The Millions Interview Archives - Page 5 of 24 - The Millions
April 25, 2016
by David Busis
“I would never want to write an essay on what feminism is in 2016. I would read that essay, but I would not write that essay.”
April 12, 2016
by José García
The writer’s responsibility is to creativity. However, I do think there are some limitations. One has a historical responsibility while addressing atrocities.
March 31, 2016
by Alden Jones
For Charles Bock, the memories, no matter how hard, were still better than the forgetting, because forgetting wiped away the details, the love, the bad meals, the quarrels, the humor and tenderness, the true marrow of it all.
March 25, 2016
by Evan Allgood
I hope a book like mine will strike someone as violating a lot of common sense ideas about literature. I know it will. It violates my common sense about literature, and I wrote it.
March 22, 2016
Terrorism seemed absurd to me. There was a widespread belief in liberal circles that terrorism was caused by poverty, when in fact most well-known terrorists in modern times have come from middle-class families, have degrees — often multiple degrees — and have lived between cultures. It’s the torn people, who try to make meaning out of their alienation — often in destructive and self-destructive ways — that interest me.
March 7, 2016
by Edan Lepucki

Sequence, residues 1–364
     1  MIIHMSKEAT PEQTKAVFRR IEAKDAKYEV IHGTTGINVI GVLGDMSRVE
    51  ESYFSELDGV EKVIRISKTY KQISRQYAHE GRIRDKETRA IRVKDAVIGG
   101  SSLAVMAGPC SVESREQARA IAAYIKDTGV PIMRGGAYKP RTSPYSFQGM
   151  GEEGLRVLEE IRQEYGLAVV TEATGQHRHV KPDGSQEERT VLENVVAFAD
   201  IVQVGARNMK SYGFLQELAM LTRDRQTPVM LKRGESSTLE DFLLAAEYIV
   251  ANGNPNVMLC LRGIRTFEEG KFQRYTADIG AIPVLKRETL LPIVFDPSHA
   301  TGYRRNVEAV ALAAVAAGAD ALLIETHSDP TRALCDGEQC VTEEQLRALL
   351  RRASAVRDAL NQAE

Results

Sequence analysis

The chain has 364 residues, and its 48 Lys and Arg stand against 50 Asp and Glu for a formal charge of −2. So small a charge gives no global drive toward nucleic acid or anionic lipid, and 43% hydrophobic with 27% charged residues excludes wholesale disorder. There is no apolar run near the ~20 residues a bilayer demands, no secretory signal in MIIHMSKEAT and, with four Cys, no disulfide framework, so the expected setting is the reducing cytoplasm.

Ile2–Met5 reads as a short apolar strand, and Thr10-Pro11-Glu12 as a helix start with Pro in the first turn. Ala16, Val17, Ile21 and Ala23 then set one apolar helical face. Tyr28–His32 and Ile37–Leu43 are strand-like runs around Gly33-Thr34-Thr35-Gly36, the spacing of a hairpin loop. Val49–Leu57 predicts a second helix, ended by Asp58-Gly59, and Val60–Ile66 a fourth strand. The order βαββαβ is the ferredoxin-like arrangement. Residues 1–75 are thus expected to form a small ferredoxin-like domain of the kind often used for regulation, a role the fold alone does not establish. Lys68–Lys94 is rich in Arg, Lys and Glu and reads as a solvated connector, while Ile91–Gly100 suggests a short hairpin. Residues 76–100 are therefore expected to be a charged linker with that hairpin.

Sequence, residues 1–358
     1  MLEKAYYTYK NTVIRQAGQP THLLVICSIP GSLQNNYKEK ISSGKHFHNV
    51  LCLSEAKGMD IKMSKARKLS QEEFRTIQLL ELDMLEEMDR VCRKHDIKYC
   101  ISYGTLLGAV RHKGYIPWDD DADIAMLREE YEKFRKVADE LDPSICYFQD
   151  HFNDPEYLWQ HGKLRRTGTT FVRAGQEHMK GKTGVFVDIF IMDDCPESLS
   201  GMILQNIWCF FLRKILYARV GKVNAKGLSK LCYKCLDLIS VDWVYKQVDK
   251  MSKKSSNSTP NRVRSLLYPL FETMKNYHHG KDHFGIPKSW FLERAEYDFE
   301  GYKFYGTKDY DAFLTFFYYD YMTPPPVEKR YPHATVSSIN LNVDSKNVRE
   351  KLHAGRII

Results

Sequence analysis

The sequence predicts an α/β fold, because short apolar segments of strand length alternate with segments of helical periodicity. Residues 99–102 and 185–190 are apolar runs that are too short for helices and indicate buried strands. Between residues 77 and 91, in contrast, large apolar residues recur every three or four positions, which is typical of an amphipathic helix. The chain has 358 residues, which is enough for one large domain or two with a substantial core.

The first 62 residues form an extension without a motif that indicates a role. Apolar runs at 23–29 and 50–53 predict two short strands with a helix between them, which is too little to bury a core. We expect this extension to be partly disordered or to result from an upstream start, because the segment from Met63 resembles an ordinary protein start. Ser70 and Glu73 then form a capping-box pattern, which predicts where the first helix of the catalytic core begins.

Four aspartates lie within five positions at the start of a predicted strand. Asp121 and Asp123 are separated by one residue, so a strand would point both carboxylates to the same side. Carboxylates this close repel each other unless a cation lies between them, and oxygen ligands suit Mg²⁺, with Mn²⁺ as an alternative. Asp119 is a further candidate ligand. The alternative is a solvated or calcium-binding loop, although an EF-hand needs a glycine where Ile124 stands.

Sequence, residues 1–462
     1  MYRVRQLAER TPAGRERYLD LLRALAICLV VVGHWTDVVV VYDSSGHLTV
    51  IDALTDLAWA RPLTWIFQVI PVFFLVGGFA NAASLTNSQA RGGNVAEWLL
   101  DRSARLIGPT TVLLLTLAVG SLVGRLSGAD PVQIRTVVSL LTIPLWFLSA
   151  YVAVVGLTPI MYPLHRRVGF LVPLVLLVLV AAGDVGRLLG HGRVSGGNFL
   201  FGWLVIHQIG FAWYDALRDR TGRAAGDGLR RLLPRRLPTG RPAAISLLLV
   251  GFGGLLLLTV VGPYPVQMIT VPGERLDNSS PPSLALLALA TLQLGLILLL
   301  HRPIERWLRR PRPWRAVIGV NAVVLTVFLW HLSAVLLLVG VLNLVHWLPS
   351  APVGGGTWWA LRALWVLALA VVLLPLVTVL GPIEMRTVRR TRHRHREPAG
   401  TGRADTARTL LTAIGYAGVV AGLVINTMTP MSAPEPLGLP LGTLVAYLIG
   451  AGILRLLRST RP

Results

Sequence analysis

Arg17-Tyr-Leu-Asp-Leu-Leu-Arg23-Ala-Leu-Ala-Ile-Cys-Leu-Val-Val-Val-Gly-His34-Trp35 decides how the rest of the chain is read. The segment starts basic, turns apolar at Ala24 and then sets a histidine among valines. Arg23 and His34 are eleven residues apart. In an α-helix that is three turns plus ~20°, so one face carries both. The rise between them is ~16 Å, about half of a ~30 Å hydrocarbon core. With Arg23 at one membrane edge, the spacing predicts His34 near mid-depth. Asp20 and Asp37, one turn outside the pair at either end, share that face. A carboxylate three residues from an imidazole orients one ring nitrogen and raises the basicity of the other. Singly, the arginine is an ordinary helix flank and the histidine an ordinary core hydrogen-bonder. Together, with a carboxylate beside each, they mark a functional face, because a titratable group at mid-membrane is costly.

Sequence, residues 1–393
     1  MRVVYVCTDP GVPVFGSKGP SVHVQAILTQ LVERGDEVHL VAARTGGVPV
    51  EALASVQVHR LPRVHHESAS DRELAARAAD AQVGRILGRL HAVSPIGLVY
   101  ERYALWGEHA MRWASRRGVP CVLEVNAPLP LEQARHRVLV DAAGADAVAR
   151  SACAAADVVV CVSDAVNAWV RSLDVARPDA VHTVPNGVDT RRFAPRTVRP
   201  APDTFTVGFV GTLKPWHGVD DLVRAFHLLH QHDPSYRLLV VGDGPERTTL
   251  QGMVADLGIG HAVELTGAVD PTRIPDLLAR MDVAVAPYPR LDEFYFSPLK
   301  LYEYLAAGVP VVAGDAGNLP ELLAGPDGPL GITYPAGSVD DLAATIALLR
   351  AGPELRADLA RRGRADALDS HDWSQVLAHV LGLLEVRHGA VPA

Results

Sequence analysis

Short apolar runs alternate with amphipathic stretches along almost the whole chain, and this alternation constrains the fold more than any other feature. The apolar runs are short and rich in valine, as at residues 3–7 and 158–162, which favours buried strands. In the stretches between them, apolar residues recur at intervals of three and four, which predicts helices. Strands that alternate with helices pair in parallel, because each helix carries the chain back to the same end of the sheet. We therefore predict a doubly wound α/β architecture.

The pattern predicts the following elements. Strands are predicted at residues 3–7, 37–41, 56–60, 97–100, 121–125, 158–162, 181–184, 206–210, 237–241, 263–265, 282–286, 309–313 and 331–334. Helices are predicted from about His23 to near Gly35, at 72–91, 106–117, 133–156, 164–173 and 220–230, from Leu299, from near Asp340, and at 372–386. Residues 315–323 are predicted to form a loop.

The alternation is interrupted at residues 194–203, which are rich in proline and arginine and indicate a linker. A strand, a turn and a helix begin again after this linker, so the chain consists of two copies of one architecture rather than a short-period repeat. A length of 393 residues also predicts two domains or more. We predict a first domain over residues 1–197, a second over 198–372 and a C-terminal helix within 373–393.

There is something poignant and beautiful in those fractures in your ordinary life, the moments when you realize that you were mistaken or insufficient or what you did had an unintended consequence. The clarifying and humbling experience of shedding your delusions.
February 29, 2016
You mistreat animals, you eventually will mistreat human beings. If you’re casual to animal life you will eventually be casual to human life.
February 19, 2016
I wrote the last sentence of the story first, and then the next to last sentence, and so on for as long as I could — maybe I could have done it all the way back, but at a certain point I got really interested in figuring out how it started.
February 17, 2016
by Philip Eil
I’ve always thought that, the point at which I get tired, the point at which I get jaded, the point at which I start to think that’s it’s all been done, that all of the great or interesting movies are in the past, that’s when I should stop and get out of the way and let someone else do it.
February 1, 2016
When I ran out of money, I moved to my Mom’s in Maine, Charles D’Ambrosio-style, writing in her basement every morning starting at 5 a.m., taking a break for Buffy the Vampire Slayer reruns at 11 a.m. and making an early lunch before working more. It was like the weirdest saddest colony stay, about three months.